Tuesday evening I got home from work and found a load of mail, including two cd's of original (and spectacularly good) music from Wayne, and the Fall 2005 issue of Dialogue: A Journal of Mormon Thought. This is one of the primary publications of liberal Mormonism, and I've subscribed (and published in it) for years. I sat down to my dinner and watched part of a movie, took care of some teaching stuff, had a bath. Then I picked up the issue of Dialogue and checked the table of contents, and found this:
GETTING OUT/STAYING IN: ONE MORMON STRAIGHT/GAY MARRIAGE
Getting Out by Ben Christensen 121
Homosexual Attraction and LDS Marriage Decisions by Ron Schow 133
Thoughts of a Therapist by Marybeth Raynes 143
Staying In by Ben Christensen 148
I gave the section a cursory scan--that was about all I could bear--then went to bed. I fell asleep quickly, stayed asleep for an hour, got up and read Dalton Trumbo's Johnny Got His Gun for a class I'm teaching on war literature (because after the Dialogue thing, I needed something cheerful and lighthearted), tried to medicate myself into oblivion, eventually succeeded.
Wednesday morning I got up and reread the whole section carefully.
Here is what Ben Christensen, a 24-year-old gay Mormon married to a woman by whom he has fathered a nine-month-old daughter, has to say about the fact that he can't mention to his friends that he "can't stop thinking about this guy in religion class":" "It ticks me off that Mormon social taboos force me to lie about who I am."
Mormon social taboos.
That's what's to blame for the fact that he can't discuss his same sex attraction: Mormon social taboos.
Not Mormon doctrine. Mormon social taboos.
Nothing wrong with the doctrine--which says that homosexual behavior is a sin; no, it's just Mormon social taboos.
If you're not Mormon, you have no idea how big this issue is. Many religions venerate celibacy; many other religions tolerate it. Not Mormonism. Celibacy is unnatural; sex before marriage is, according to some leaders in the church (and one of my friends from college, one of the very few people whom I will never again speak to), a sin akin to MURDER (that's right: sex before marriage is the moral equivalent of killing someone in cold blood); and the entire reason we are sent to earth is to get bodies, have sex, and create children. So there's some room in many other religions for reconciling religious faith and homosexuality by choosing celibacy, but almost none in Mormonism--at least, not if you want to be respectable and happy.
Christensen writes of his engagement to Jessie, who knows about his attraction to men, that
Difficulties arose fairly quickly.... It bothered Jessie that she was usually more interested in kissing than I was. This bothered me too, but I didn't know what to do about it. I definitely loved her, and out of that love an attraction was growing, but to be honest it was nothing compared to the strong desire I had for men. But then it's not accurate to even compare the two feelings. My attraction to Jessie, the drive that made me want to hold her in my arms and feel her body next to mine, came entirely from my heart. On the other hand, the drive that made me want to feel a man's body next to mine was purely a libido thing. I've never allowed a physical attraction to a man to become any more than just that. Apples and oranges.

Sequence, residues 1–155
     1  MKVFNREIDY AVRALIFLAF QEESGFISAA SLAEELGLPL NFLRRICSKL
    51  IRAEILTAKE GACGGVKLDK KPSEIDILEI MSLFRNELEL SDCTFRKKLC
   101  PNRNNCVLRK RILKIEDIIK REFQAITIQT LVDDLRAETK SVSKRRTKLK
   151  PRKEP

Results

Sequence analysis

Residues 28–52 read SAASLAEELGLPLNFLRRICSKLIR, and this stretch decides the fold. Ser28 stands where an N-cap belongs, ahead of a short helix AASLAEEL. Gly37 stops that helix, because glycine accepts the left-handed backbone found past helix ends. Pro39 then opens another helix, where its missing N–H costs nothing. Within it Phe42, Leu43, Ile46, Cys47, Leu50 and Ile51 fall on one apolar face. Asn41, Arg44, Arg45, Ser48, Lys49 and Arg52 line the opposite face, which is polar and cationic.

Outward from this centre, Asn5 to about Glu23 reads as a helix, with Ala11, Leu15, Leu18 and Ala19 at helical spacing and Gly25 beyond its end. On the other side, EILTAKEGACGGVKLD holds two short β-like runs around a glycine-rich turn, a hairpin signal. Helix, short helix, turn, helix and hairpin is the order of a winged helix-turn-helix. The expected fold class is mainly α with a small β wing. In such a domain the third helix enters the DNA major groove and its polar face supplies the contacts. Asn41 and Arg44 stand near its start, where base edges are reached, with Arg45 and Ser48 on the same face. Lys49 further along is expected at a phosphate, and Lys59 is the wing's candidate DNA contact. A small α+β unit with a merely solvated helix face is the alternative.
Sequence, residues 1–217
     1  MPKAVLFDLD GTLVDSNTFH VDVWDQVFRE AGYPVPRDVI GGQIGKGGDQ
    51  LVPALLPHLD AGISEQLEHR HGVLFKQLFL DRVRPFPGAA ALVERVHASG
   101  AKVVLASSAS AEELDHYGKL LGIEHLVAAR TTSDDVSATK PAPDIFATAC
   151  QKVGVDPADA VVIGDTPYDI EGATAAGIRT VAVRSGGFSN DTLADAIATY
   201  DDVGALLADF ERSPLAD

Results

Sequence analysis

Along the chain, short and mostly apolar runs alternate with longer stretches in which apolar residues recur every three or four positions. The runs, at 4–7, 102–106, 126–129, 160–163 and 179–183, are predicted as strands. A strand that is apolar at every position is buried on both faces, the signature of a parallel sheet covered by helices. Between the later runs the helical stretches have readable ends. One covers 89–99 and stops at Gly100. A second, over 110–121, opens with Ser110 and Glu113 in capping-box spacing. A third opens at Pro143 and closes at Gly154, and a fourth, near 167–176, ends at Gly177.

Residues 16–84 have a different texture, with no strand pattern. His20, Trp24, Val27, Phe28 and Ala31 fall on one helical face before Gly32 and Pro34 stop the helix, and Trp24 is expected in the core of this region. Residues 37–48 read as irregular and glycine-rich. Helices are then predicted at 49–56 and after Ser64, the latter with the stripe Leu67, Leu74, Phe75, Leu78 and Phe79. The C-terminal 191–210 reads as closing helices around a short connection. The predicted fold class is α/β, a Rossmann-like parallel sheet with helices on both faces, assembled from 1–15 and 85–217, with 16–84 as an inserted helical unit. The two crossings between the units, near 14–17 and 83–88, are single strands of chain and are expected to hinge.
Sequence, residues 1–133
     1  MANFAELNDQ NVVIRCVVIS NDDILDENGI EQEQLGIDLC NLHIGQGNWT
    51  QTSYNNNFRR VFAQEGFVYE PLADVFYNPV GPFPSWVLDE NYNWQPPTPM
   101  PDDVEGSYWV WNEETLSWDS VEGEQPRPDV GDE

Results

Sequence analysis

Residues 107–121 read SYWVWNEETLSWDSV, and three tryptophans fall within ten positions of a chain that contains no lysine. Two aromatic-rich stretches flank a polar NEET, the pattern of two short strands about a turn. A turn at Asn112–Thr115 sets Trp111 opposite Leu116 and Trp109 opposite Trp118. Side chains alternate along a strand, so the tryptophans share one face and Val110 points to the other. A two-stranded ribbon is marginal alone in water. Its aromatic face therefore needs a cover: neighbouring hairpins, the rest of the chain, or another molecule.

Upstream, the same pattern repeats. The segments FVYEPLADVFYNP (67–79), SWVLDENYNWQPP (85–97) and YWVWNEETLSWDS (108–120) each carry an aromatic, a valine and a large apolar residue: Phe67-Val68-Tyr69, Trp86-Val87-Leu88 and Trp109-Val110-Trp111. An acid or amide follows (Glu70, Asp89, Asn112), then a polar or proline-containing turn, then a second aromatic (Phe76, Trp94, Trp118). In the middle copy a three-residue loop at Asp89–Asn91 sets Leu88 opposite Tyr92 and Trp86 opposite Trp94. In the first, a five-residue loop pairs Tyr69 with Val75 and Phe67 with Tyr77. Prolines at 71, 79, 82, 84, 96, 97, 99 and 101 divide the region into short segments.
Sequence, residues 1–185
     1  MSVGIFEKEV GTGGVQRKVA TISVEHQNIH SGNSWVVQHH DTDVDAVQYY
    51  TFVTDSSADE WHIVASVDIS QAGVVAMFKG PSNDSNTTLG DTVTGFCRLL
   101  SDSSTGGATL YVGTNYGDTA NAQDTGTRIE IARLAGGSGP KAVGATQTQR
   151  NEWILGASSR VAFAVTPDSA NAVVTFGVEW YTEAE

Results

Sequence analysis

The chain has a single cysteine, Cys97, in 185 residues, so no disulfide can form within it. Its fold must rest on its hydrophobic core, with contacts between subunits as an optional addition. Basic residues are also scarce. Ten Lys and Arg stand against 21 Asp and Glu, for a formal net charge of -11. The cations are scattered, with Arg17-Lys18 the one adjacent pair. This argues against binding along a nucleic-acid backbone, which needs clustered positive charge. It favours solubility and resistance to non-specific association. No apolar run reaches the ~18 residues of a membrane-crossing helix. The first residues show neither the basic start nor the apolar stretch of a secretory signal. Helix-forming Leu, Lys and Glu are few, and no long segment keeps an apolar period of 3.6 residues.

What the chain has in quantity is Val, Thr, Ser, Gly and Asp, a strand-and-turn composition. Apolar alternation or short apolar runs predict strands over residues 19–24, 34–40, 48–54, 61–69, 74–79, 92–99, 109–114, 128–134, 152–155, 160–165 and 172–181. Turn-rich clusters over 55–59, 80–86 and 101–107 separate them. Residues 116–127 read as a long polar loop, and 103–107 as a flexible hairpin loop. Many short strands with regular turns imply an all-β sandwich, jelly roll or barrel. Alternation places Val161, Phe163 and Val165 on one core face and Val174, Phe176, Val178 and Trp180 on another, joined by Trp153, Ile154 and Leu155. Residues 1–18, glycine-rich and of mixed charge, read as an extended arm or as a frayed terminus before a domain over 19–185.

He marries Jessie for a variety of reasons, one of which is that "God told [him] to." Another is that he feels his only two alternatives are a conventional, monogamous straight Mormon marriage on the one hand and "[running] off to San Francisco and [embracing] a rampant life of unrestrained queerness" on the other.
A year later, at the ripe old age of 25, he is able to critique his earlier essay and the responses to it, by writing
Critiquing my essay, a friend asked, "Can you really separate love and sex so easily? I can't." I discarded his concern, believing I had a deeper understanding of love and sex. After all, he writes novels about missionaries who fornicate and teenaged boys who make out with cow udders. For me, the distinction between love and sex was clear. As I've become more honest with myself, though, I see that Marybeth states my dilemma more accurately when she says that people in my situation choose "between a deep love and erotic attachment plus love." This choice is a good deal more difficult than the over-simplified choice I thought I was making. By choosing heterosexual marriage, I've denied myself the experience of loving someone I am naturally attracted to and my wife the experience of loving someone who is naturally attracted to her.
Glad he figured that out eventually.
Aside from a few lines of dialogue in which Jessie reassures the author that she still wants to marry him despite the fact that he is gay, we never get to hear from her.
Ron Schow and Marybeth Raynes, the two respondents, are very respectful of the deliberate choices Ben Christensen is making at the same time they underscore the challenges and difficulties he is setting himself up for. Perhaps I might respect those choices more myself if I hadn't heard it all before, some of it almost verbatim. I'll never forget being told by the love of my life, "Look, I'm not really gay, and I still want to marry a woman. It's just that I prefer sex with men to sex with women." I could think of no response to that statement.
I'm grateful for my two closest friends on earth, both of whom are gay (formerly Mormon) men, and I'm also grateful that neither of them married me.
I'm not done.